An applicant is eligible to file his/her naturalization application up to 90 days before his five year anniversary of becoming a U.S. Legal Permanent Resident (US Green Card Holder).
Ref: Immigration Nationality Act Section 334(a).
I have heard I need to learn English, History, and Civics to be a U.S. Citizen. Is that true?
Yes. In general, an applicant for naturalization must learn to read, write, and speak the English language.
Additionally, an applicant must demonstrate a knowledge and understanding of the fundamentals of the history and principals and form of government of the United States.
An applicant demonstrates this knowledge by taking a history and civics test during your naturalization interview, and you must read, write, and speak English with the USCIS Officer conducting the interview.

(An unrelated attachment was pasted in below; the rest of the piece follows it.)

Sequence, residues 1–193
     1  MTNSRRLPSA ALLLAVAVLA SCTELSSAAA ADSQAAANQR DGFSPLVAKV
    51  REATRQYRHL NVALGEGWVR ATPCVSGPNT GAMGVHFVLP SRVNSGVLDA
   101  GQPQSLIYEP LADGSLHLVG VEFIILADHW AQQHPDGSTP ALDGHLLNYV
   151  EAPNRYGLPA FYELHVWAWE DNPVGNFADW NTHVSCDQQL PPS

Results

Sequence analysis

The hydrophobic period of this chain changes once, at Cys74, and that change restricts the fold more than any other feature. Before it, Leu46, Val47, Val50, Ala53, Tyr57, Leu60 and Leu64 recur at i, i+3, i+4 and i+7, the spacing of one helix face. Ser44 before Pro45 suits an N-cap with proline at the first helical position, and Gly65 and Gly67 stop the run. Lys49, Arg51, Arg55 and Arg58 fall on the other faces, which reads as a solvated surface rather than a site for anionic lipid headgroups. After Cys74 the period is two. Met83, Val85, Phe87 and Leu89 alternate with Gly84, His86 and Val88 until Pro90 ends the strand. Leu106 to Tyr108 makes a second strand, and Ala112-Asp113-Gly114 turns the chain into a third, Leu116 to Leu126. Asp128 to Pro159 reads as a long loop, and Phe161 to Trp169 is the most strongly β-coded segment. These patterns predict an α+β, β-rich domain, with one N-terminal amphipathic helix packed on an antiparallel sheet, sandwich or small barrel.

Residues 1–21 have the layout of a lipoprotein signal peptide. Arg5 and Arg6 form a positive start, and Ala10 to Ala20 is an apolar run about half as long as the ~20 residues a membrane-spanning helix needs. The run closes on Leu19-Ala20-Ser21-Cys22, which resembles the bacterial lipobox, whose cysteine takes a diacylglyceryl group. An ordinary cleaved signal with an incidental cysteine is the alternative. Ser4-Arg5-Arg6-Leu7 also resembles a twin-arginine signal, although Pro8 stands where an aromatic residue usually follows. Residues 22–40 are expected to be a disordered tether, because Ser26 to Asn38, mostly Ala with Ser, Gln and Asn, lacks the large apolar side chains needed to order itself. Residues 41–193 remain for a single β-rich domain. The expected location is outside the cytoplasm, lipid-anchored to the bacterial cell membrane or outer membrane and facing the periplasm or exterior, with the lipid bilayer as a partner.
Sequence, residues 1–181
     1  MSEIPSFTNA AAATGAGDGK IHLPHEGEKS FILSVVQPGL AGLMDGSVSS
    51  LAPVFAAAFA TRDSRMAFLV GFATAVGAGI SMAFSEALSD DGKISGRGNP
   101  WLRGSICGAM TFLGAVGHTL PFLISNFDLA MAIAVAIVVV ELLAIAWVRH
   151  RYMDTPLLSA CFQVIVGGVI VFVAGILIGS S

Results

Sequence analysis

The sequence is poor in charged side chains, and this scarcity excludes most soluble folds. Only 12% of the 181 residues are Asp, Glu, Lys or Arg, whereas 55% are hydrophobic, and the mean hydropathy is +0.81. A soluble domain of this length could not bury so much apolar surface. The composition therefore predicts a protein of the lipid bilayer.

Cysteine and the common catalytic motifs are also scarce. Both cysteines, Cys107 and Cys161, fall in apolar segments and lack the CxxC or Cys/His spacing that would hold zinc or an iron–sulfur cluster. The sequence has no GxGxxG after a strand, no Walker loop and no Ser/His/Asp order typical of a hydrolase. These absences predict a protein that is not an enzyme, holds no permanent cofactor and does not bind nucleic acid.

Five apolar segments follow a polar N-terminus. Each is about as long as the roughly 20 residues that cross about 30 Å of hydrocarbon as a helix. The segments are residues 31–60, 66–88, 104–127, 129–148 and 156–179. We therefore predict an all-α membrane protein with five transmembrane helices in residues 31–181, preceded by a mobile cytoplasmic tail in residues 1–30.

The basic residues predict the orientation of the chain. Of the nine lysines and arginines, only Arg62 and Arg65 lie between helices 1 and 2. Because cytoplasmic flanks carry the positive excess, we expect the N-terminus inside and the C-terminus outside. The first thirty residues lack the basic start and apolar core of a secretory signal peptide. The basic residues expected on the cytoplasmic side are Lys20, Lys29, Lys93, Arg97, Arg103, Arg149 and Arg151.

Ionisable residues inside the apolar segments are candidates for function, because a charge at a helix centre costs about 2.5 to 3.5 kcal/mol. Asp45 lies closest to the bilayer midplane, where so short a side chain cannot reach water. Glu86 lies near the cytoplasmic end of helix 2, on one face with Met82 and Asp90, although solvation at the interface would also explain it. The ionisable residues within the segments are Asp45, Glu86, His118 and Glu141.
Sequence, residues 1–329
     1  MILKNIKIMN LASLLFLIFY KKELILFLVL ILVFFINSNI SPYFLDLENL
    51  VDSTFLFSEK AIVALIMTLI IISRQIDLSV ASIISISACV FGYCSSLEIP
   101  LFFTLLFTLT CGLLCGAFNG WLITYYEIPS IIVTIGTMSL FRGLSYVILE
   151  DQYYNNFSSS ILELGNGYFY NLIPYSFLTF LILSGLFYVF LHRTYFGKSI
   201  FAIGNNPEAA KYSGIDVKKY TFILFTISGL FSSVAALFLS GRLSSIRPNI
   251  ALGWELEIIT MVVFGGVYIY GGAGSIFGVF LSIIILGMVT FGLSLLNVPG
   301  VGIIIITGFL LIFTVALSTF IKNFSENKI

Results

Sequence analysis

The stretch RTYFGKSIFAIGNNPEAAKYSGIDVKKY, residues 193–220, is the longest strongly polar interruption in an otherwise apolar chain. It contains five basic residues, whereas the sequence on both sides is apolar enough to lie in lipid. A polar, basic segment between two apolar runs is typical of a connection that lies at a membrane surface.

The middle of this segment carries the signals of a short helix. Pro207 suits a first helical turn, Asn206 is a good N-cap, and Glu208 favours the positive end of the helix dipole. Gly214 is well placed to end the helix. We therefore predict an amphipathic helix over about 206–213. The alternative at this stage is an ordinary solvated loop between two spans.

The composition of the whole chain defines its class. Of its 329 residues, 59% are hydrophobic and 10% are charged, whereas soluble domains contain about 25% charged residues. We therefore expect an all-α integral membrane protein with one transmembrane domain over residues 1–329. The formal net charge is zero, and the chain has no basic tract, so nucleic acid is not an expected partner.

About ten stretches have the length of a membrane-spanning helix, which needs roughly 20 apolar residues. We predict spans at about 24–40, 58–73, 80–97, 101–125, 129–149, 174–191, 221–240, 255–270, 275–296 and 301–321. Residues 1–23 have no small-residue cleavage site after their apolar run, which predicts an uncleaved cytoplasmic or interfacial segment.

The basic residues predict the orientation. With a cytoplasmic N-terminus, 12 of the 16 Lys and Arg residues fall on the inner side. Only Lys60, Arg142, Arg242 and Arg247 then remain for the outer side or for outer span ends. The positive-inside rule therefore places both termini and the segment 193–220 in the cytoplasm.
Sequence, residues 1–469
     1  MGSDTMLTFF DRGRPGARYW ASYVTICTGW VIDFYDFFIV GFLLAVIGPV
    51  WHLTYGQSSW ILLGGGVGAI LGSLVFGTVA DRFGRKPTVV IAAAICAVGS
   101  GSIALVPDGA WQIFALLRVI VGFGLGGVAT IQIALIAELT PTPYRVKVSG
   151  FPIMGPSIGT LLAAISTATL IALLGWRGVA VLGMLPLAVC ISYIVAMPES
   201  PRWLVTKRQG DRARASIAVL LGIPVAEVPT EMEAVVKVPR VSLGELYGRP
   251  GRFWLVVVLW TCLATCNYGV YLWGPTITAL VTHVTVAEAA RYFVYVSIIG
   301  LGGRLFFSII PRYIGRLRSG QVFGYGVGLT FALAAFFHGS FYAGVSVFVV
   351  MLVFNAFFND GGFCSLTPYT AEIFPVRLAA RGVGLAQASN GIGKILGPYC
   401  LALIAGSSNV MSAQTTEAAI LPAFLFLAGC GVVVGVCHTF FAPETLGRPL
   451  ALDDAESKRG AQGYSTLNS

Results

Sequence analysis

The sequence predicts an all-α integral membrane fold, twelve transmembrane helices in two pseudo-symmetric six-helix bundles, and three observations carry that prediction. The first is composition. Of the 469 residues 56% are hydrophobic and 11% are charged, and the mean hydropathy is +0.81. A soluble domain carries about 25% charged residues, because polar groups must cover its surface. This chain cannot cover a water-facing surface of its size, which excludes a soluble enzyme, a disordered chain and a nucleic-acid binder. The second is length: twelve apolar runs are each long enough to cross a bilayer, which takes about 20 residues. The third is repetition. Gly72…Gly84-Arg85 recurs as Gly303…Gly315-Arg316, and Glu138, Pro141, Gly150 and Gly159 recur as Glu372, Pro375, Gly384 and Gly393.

Can I receive an exception to the English and Civics portion of the test?
Congress has provided an applicant to be excepted from the English and Civics requirement if you can demonstrate you have a physical or developmental disability or mental impairment that prevents you from learning English and Civics.
At the time you file your N-400 Naturalization Application with USCIS, you must also send a form that was completed by a licensed medical professional stating you have a medical condition that prevents you from meeting the English requirement, the civics requirement, or both.
Ref: USCIS Form, N-648.
Green Card Application (I-485)
What are the requirements to adjust my status while inside the United States?